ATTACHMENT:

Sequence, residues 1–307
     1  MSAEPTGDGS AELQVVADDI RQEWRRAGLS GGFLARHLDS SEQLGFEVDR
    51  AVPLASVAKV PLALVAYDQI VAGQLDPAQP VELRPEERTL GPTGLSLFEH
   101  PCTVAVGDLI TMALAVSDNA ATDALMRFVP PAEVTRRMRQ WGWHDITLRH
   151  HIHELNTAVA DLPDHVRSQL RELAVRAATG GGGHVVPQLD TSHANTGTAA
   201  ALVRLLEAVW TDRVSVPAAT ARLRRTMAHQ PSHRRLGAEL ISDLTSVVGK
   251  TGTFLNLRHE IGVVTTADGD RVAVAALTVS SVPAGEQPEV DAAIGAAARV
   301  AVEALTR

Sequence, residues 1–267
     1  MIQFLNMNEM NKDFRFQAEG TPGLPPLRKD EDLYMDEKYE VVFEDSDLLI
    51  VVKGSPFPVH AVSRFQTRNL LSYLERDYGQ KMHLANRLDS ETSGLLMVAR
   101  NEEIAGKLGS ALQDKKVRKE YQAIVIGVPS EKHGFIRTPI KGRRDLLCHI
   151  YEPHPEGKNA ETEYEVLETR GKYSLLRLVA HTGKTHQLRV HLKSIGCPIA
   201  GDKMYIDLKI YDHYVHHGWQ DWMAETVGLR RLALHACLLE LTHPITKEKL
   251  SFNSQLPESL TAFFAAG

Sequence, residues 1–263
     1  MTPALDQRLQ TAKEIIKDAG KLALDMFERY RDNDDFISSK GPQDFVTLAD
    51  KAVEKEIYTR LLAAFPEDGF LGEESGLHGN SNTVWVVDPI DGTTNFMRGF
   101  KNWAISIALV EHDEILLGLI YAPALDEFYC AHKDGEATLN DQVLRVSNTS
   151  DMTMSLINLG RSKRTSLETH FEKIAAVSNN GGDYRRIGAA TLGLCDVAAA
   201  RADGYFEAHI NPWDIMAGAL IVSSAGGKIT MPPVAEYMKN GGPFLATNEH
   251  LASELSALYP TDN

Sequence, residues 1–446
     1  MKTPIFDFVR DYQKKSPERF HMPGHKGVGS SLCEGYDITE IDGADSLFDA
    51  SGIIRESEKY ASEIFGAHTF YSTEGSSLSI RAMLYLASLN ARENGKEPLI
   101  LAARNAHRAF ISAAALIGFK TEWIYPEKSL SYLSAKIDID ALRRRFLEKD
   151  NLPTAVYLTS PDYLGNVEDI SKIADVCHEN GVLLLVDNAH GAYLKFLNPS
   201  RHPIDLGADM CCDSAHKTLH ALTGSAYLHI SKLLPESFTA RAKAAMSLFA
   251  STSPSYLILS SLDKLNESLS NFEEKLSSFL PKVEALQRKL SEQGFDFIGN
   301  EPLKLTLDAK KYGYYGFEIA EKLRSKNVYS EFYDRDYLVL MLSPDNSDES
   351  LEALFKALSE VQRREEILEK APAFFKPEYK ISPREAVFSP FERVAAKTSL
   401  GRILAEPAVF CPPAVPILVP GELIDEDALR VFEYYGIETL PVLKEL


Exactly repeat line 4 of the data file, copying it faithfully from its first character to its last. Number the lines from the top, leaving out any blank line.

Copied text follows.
   101  PCTVAVGDLI TMALAVSDNA ATDALMRFVP PAEVTRRMRQ WGWHDITLRH